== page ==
Gary Herron gherron at
Mon Apr 5 17:25:24 CEST 2010

Jason Friedman wrote:
> I saw this posted in the July issue but did not see any follow-up there:
> $ python
> Python 2.6.4 (r264:75706, Dec  7 2009, 18:43:55)
> [GCC 4.4.1] on linux2
> Type "help", "copyright", "credits" or "license" for more information.
>>>> a = 500
>>>> b = 500
>>>> a == b
> True
>>>> a is b
> False
>>>> p = 50
>>>> q = 50
>>>> p == q
> True
>>>> p is q
> True

Python could either:
  * create two integers containing 500, one for each variable
  * create one integer referred to by both variables
The first option will evaluate "a is b" as False, while the second will 
evaluate "a is b" as True.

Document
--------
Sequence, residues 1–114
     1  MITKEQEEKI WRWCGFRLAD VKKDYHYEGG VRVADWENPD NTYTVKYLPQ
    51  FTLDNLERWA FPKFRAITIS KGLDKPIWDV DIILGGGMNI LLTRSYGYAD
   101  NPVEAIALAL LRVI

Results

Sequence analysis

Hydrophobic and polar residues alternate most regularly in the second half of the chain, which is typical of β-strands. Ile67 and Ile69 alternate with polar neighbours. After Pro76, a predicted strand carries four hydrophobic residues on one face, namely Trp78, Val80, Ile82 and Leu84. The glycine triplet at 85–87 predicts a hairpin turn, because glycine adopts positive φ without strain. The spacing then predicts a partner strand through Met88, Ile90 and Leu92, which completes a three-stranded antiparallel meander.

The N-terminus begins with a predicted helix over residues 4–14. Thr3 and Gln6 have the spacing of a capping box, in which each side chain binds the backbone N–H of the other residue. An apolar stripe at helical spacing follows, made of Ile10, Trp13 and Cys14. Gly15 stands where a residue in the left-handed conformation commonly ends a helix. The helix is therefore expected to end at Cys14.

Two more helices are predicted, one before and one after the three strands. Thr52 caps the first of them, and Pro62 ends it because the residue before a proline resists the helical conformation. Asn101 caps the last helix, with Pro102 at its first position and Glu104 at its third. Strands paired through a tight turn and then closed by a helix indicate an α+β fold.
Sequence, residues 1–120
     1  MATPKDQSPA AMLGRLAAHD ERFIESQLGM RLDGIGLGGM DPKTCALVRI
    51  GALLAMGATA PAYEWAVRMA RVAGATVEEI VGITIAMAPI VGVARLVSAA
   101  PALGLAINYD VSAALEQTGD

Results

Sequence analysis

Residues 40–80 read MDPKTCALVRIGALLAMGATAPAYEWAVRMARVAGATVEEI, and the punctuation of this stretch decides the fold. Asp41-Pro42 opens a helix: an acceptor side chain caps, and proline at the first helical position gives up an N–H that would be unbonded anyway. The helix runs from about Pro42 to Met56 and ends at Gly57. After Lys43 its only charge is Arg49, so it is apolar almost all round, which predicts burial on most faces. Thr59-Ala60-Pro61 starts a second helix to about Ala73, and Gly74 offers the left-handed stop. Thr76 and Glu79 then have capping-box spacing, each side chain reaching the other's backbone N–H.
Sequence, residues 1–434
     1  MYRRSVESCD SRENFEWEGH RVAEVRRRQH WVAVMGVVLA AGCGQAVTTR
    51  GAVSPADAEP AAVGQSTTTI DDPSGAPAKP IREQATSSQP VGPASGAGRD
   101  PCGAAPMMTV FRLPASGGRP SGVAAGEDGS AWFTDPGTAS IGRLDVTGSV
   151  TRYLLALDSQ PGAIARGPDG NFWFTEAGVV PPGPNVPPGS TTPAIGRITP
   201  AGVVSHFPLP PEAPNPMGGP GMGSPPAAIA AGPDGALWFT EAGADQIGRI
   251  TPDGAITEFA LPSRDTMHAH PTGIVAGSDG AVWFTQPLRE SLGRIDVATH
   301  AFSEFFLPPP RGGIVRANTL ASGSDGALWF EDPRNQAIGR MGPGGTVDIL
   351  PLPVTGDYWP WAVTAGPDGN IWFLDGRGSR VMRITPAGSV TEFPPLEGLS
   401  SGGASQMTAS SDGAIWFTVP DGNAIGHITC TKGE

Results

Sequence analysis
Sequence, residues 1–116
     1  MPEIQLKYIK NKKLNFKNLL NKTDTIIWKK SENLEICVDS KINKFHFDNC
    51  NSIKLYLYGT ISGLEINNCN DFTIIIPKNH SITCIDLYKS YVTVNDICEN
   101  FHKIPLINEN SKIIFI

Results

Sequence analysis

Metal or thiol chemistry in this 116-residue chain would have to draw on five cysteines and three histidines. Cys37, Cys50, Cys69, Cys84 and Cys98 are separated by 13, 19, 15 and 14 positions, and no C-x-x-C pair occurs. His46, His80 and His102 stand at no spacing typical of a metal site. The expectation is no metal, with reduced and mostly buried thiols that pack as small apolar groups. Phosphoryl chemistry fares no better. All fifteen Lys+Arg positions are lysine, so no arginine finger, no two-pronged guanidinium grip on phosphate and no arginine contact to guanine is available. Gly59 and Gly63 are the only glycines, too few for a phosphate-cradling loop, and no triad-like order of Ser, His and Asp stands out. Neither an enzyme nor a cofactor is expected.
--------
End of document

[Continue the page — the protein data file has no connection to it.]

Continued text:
In other words, the "is" operator asks something about storage 
location.  *WHY* would you care how the integers are stored?   It is 
considered a *bug* on your part to write a program that depends on the 
particular storage option Python chooses for any particular integer.

The second option is more efficient in memory usage, but requires some 
run-time to implement, while the first option does not require the 
run-time tracking of already-used integers, but may result in more 
memory usage.  Python, the language, does not specify which storage 
option will be used.  Python, the C implementation, does both, choosing 
the second option for small integers (those less 100 last time I checked).

Gary Herron

Gary Herron, PhD.
Department of Computer Science
DigiPen Institute of Technology
(425) 895-4418

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